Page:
I remember another zombie movie, Dawn of the dead. In the movie, a handful of people who managed to escape the zombie outbreak find refuge in the shopping mall, where they lock themselves down. They immediately indulge in a comsumerist spree. But soon after, masses of zombies clump together around the mall. It turns out that the only memory zombies have is the place where they mostly went to before becoming zombies. I hope that if one day I become a zombie or have to find a refuge to not become one, the last thing I will remember and do will not be going to the shopping mall. I hope I will remember and go to a communal place where dancing happened. And that we -zombified or not- will dance till the end of the movie, while remembering that dancing is not enough, even if it is essential and also changes the world.
Let’s get our hands dirty.
[link to the audio recording of the introduction monologue for Tribute – the library version: https://vimeo.com/490701281]
20.11.2020 : A trace from Moving in November in Helsinki
It has been so wonderful to take part in the festival Moving in November in Helsinki, which managed despite all odds to remain an international program, even if that meant major adaptations… and quarantine days for the artists participating…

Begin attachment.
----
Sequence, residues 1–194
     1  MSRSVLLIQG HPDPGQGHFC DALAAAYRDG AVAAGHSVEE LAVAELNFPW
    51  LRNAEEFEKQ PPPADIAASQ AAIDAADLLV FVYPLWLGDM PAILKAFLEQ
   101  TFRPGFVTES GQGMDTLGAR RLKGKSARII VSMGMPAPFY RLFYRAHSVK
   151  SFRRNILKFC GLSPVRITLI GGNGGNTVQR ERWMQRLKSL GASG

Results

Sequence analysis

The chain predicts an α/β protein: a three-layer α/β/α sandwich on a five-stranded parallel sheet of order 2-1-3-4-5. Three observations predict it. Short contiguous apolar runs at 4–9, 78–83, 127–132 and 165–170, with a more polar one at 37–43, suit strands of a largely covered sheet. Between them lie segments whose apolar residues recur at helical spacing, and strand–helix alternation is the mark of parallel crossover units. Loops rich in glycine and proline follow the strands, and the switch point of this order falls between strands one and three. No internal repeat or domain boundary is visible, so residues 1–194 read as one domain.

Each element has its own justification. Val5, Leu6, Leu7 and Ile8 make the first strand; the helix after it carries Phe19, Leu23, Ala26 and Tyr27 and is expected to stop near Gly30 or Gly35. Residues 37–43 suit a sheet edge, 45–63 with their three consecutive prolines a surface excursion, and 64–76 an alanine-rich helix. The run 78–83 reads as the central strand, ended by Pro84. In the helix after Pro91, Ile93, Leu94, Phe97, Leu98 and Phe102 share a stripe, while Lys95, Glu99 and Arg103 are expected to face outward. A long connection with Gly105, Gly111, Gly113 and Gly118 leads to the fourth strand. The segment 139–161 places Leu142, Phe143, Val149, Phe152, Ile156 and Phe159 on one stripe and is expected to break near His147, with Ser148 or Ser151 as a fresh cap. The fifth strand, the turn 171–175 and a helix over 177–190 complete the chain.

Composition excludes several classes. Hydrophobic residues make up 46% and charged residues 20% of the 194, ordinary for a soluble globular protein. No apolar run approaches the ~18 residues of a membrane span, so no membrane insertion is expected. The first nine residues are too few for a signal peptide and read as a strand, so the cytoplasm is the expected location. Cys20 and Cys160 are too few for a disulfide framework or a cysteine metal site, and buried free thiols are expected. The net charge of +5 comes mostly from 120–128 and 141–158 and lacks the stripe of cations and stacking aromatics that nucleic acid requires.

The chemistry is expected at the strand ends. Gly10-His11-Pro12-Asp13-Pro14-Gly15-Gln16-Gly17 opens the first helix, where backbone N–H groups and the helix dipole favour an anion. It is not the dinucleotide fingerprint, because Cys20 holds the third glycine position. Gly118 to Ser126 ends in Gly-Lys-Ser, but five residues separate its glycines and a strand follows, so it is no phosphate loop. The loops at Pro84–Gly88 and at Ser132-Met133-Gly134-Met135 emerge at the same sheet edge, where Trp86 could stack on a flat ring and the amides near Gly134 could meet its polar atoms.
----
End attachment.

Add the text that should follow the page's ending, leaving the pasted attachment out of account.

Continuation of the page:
On Nov 13 and 14, I presented an adapted version of Tribute, the piece I have made for Weld company. Instead of the nine dancers on stage, I was alone, jumping from one role to another. The piece was augmented by a recored text that I wrote, navigating in between questions about dance, AIDS, the current situation and ageing. I will soon make it available here.
In the meanwhile, here is the link to a conversation between Kerstin Schroth (artistic director of the festival) and me, on Tribute: a written conversation on Tribute
13.11.2020 : Penumbral dances – public service
Due to the current situation, instead of repeating another round of Unclouded dances at Frank in Malmö, I am happy to offer a 25 minutes dance for one spectator at a time (with the possibility of being accompanied by a friend), in the outdoor entrance space of Frank. It has a roof, but it is completely open to the street, so it is even safer than going grocery shopping and it fits the current restrictions in Sweden.
Sessions are everyday at 5pm, 6pm, 7pm and 8pm. It is mandatory to reserve and it is free of charge.
To book your session, please contact us here, giving your name, phone number and the day and time you wish to attend.
Address: FRANK Ahlmansgatan 3, 214 27 Malmö
04.08.2020 : Premiere of Warriors: Chiron in Aries, Recital #1
Sept 25-27 at Skogen, Gothenburg
Oct 2-4 at Weld, Stockholm
picture: Thomas Zamolo